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Buying a home is a significant investment, often the biggest in many people’s lives. It’s an exciting journey full of dreams and aspirations, but it can also bring some anxiety, especially for those new to the process.

Whether you’re a first-time homebuyer or getting back into the market, it’s crucial to be aware of common pitfalls. Let’s explore the ten most common homebuying mistakes and how you may avoid them:


1. Shopping for Homes Before Preapproval

The first step in your homebuying journey should be getting preapproved by a lender. This means they evaluate your finances and give you an idea of how much they’re willing to lend. Knowing this before house hunting helps you focus on homes within your budget, avoiding the heartbreak of falling in love with a house you can’t afford.

Preapproval also shows sellers that you’re a serious and prepared buyer. Skipping this step could mean losing your dream home to more prepared buyers who can move through the closing process more quickly.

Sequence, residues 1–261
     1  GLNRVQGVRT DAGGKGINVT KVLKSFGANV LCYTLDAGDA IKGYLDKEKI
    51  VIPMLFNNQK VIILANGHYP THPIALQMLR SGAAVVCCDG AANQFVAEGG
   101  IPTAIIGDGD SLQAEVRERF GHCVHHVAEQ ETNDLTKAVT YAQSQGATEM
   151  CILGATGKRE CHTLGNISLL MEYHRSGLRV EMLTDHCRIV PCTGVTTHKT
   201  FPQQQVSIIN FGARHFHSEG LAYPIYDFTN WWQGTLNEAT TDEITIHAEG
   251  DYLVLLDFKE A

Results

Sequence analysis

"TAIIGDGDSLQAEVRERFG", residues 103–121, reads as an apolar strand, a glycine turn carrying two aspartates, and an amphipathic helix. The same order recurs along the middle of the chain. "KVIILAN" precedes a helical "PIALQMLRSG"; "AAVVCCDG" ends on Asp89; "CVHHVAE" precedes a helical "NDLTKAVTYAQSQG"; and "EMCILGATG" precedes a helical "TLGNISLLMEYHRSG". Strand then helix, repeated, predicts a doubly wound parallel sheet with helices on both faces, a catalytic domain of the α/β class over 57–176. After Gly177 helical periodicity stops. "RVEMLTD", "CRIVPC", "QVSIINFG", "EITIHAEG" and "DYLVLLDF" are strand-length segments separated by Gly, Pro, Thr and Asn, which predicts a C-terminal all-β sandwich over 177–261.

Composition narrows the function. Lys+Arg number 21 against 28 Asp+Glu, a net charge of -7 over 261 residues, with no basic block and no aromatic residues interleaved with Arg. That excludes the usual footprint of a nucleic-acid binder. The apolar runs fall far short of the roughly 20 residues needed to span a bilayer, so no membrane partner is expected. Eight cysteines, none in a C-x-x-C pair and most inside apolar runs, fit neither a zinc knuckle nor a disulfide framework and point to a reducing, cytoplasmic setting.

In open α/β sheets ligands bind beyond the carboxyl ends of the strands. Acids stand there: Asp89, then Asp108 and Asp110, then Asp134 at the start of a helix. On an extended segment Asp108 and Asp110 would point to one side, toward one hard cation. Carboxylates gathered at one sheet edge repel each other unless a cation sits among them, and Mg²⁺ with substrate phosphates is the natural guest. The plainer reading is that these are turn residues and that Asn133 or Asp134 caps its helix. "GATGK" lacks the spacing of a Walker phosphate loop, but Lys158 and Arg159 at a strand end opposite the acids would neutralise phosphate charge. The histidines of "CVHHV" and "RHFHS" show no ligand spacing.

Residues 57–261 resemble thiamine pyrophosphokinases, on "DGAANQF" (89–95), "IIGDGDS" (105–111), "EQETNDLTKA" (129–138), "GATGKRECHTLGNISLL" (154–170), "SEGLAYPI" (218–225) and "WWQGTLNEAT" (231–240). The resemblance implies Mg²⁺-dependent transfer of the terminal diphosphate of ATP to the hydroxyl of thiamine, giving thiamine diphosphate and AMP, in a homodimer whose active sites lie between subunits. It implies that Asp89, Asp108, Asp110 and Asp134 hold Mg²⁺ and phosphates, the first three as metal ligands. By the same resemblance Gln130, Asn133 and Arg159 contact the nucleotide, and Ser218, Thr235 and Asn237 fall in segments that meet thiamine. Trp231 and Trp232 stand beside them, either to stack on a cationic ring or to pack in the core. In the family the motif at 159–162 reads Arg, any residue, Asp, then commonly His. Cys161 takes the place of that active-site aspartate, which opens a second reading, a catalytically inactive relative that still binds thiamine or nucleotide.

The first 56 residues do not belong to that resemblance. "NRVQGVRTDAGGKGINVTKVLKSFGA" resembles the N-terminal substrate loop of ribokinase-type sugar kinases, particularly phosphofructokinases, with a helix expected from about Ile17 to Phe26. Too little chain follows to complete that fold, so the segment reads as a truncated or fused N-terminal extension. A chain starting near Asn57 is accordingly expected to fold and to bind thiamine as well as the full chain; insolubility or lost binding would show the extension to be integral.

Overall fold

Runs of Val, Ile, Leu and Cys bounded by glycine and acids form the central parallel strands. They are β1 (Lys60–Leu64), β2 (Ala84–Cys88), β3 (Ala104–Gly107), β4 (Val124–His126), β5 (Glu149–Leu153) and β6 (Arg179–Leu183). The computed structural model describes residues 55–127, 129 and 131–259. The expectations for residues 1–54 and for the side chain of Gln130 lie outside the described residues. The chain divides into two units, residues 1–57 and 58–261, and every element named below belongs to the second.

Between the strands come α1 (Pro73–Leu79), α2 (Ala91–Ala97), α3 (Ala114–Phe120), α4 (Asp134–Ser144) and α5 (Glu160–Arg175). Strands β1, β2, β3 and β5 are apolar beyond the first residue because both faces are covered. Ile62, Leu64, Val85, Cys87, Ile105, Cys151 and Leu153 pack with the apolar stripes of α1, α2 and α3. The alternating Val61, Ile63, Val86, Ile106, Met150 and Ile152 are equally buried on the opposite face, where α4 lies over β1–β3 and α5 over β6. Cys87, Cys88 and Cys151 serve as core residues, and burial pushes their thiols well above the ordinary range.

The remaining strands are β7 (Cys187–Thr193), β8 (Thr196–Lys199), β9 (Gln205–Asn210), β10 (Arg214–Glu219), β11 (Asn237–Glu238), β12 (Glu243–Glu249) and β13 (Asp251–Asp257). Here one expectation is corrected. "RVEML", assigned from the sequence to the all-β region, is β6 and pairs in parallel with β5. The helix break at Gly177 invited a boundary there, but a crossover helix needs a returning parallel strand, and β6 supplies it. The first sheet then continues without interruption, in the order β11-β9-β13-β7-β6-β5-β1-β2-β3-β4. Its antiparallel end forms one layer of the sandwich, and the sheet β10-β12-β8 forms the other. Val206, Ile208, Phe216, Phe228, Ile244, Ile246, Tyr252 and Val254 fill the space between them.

2. Choosing the Wrong Loan Type

Home loans come in various forms, each suited to different needs. Federal Housing Administration or FHA loans, for example, are accessible to eligible first-time homebuyers with lower down payments, VA loans offered by the Department of Veteran Affairs for eligible veterans, and Individual Tax Identification Number (ITIN) loans are available for eligible non-citizens. Picking an unsuitable loan type may lead to overpaying or financial instability.


3. Waiting to Save 20% for a Down Payment

It’s a common misconception that you need a 20% down payment to buy a home. While a larger down payment may lower your monthly payments and may help avoid private mortgage insurance (PMI), many buyers purchase homes with less money down, thanks to different loan programs. You may also explore down payment assistance programs that help cover the closing fees.


4. Underestimating Additional Costs

On that note, the cost of buying a home isn’t limited to the down payment. Closing costs, including lender fees, title insurance, and taxes, can add up. Additionally, moving costs, home repairs, and ongoing expenses like property taxes and homeowners’ association fees should be factored into your budget. Read more about upfront costs here.